Guo Guangchang, China’s 26th-wealthiest man and founder of one of the country’s largest private conglomerates, said short-term turbulence in the Chinese capital markets will stabilise under the steady hands of the leadership and their commitment to the long-term liberalisation of the world’s second-largest economy.
“Many policies have been announced. However, implementation takes time,” said Guo, founder and chairman of Fosun Group, in an exclusive interview this week with the South China Morning Post in Shanghai.
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“Over the years, all policy leaders have been trying hard to offer private enterprises a level playing field. I believe that there is no change in the policy.”
The comment by Guo, whose seven listed companies together account for US$43 billion in combined market capitalisation in Shanghai and Hong Kong, is a clarion call for calm and confidence in China’s ongoing reforms. Fosun also has stakes in several other publicly listed companies worldwide.
His comments came amid growing concerns about Beijing’s commitment to the country’s private sector and slow progress on reforms.
Private companies, which account for 60 per cent of China’s gross domestic product and 80 per cent of jobs in urban areas, are having an increasingly tough time even as the government increases support for state-owned enterprises. There have also been reports of SOEs gobbling up struggling private firms which have been hit hard by the US-China trade war and the squeeze on financing.
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In an apparent effort to boost the morale of the mainland’s entrepreneurs, Chinese President Xi Jinping convened a symposium this month to hear views from capitalists such as Robin Li of Baidu and Pony Ma of Tencent Holdings.
He pledged to protect the interests of privately owned companies, soothing concerns among entrepreneurs that Beijing.
Xi told them that the central government would roll out more incentives such as tax reductions and financing support to bolster further growth of private firms, because they were an important part of the national economy.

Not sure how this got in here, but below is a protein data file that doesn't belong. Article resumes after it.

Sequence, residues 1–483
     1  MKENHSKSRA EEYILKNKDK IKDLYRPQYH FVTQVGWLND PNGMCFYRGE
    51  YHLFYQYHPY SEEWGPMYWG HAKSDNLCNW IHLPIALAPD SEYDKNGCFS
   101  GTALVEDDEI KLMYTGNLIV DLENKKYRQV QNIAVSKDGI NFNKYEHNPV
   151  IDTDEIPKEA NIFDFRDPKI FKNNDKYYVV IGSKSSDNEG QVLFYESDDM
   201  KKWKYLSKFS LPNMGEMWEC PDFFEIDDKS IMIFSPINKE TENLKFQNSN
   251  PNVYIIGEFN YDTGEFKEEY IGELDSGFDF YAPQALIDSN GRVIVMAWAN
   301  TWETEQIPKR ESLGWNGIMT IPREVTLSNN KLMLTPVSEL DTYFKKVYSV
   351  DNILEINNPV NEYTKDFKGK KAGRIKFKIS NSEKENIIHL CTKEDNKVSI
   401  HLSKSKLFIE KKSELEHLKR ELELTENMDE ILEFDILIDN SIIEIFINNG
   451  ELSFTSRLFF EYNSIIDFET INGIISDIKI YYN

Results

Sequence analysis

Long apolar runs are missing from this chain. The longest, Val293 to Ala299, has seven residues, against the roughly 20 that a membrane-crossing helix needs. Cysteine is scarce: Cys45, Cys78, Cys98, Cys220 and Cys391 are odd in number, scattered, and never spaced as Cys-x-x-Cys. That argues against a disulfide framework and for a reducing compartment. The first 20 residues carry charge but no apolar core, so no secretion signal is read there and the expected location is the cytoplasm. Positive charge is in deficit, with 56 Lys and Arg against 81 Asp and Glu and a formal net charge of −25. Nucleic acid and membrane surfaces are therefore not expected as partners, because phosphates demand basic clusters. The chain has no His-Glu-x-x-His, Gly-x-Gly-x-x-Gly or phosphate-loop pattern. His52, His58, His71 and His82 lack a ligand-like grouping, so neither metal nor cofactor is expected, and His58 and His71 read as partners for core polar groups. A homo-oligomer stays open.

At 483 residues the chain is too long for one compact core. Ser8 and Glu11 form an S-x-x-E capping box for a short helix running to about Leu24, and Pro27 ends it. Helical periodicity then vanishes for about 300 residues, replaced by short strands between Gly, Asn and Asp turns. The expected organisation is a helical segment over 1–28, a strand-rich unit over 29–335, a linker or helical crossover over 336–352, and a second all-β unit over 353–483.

Since then there have been a series of positive developments. Last week, the Supreme People’s Court, the highest court in the mainland, said infringements of the legitimate rights of private enterprises and entrepreneurs will be punished, a move to shore up businesspeople’s confidence in the country’s judicial system.
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China Banking and Insurance Regulatory Commission chief Guo Shuqing said last Friday that at least a third of new loans should go to private companies, which will rise to 50 per cent in three years.
Local governments too have been doing their bit. Authorities in Shanghai have published a draft document of 27 new measures geared to develop the private sector with 30 billion yuan (US$4.3 billion) in funding.
“The talk of [private enterprises being taken over by SOEs] happened before these supportive policies [were announced],” said Guo, adding that the number of companies being taken over is insignificant when compared to the huge sector in China. “The picture has been exaggerated,” he said.
Capitalising on China’s economic liberalisation, Guo founded Fosun with three other graduates from Fudan University 26 years ago. He turned it from an entrepreneurial start-up into one of China’s leading private-sector conglomerate with total assets of about US$85 billion as of December 2017, and net profit of US$2.1 billion with interests in property, health care, finance, tourism and culture related businesses.
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Also giving a vote of confidence to China’s liberalisation and private sector reform was Bain Capital, the US-based private investment firm with about US$105 billion in assets under management.
“You can’t put the genie back in the bottle,” said John Connaughton, a co-managing partner at Bain Capital, referring to how difficult it would be to roll back the development of the private sector.
He believes economic reform will continue in the long run on the back of globalisation. “Rational economic behaviour brings a pretty powerful force in perpetuating economic reform,” Connaughton said.
However, Guo of Fosun admitted that private sector sometimes could face discrimination.
“Private enterprises could sometimes face unfair treatment or face difficulties. This is because of various reasons such as when China is facing a softening economy, or [when] private sector reforms are not in place.
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“But I am sure that is not policy leaders’ intention. It won’t be a long term move, or it will affect the future of private enterprises,” said Guo.
At the Chinese Economists 50 Forum in September, which brought together economists, entrepreneurs and government officials in Beijing, Li Yang, the former deputy head of the Chinese Academy of Social Sciences, told the meeting that he feared for the future of private firms and that many may not be able to survive if they continued to face discrimination.
Li said that the clampdown on credit as part of the broader onslaught against rising local government and corporate debt had been particularly severe for small companies struggling to obtain funding.
Additional reporting by Daniel Ren in Shanghai